But now you can take a look at how the world of web design has changed over the years, thanks to a new book due out in December called Web Design: The Evolution of the Digital World 1990-Today, described by the publisher as “a visual journey through time, gathering the very earliest examples of what we today take for granted”.
More than 200 websites are included for you to have a look at, with quotes and insights provided by the creators, as well as some of the best websites and hardware examples that were used at the time. You’ll also enjoy insights into usability, user experience and the milestones in technology that have helped shape the internet that we know and love today.
Those of you currently talking to your Inverness design company about updating your own site might find flicking through its pages of interest. A little trip down memory lane, reminding ourselves about what the internet used to be like, will no doubt make us all very appreciative of what we have at our fingertips now.
Of course, web design has evolved as other technology has come to the fore, such as smartphones and other handheld gadgets. A few decades ago, there was no need to make sure that your website was responsive or mobile-optimised because we only had desktop computers.
And we didn’t have HTML5 back then either, instead making do with Flash Player to create websites, something that at the time seemed very cutting-edge! Designers were finally able to make use of sound and animation to create a more interactive website, which must have been very exciting indeed.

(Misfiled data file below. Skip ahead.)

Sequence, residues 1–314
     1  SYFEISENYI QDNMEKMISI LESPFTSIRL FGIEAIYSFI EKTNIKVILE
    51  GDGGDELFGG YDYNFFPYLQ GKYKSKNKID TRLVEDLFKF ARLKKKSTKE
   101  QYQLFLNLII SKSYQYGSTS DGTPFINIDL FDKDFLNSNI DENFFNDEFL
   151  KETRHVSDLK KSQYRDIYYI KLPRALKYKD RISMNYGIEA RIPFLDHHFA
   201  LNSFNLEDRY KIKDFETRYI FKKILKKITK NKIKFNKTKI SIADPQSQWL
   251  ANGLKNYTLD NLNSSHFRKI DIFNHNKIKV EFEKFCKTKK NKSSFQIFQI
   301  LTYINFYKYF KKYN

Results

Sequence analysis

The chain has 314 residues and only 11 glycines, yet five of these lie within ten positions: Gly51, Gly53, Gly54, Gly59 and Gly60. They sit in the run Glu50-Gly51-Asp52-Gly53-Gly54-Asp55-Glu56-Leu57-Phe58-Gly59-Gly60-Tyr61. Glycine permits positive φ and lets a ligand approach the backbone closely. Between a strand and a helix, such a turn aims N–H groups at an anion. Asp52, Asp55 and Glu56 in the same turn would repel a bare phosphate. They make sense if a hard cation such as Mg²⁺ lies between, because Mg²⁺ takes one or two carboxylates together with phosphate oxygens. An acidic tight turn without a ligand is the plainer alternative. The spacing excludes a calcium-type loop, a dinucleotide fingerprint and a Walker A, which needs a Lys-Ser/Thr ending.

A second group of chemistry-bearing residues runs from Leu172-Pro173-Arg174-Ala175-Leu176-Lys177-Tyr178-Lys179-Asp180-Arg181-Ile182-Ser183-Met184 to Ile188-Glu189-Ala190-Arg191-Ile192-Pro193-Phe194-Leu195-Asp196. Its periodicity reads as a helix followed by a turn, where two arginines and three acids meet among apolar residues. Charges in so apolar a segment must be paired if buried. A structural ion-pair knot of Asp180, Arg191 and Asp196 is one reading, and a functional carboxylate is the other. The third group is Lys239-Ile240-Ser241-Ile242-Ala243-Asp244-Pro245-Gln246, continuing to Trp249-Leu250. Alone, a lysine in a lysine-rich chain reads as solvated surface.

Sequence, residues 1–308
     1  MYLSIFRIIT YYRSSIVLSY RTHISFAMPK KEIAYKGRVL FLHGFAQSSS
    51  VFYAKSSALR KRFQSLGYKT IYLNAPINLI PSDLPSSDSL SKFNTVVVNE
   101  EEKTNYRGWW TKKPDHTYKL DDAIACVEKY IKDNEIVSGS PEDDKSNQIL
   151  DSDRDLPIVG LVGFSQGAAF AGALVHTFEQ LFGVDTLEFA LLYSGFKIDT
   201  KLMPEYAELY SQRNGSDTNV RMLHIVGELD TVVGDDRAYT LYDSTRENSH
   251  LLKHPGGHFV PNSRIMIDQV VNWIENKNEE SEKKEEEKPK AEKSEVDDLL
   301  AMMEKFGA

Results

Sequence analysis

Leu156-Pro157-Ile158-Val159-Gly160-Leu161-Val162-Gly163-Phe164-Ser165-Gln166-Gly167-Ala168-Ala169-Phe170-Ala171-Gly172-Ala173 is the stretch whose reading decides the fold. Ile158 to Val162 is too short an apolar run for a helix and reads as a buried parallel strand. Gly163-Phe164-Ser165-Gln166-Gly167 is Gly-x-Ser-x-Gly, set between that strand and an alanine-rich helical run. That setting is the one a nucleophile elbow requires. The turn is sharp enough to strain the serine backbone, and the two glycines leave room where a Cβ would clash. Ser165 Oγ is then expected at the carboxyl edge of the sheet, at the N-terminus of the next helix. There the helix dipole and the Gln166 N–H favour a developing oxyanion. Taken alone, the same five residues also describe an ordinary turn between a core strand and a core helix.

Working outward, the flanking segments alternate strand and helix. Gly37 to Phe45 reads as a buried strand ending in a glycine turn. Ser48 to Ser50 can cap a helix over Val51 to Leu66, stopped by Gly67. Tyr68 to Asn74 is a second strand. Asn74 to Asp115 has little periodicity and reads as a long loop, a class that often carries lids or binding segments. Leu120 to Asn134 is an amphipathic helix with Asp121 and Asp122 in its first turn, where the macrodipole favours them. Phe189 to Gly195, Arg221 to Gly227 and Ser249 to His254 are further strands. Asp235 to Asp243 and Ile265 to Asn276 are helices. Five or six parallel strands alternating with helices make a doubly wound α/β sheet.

In terms of trends that we don’t really see in web design any more, you’d be hard pressed to find the likes of drop shadows, glossy buttons, bevel and embossing, and gradients, all of which used to be very popular back in the day.
Drop shadows, for example, were used to make your graphics look more interesting but you don’t really see them on contemporary sites, which opt for layered or subtle shadows, with some even going for more hard edged options.
Another trend that has bitten the dust (thankfully!) are frames, which broke up pages, with each frame displaying its own unique URL. This was hard work for designers, no doubt, and also meant that a site had to have more pages that would need updating. As for user experience, they meant pages loaded slower, while search engines struggled to read them.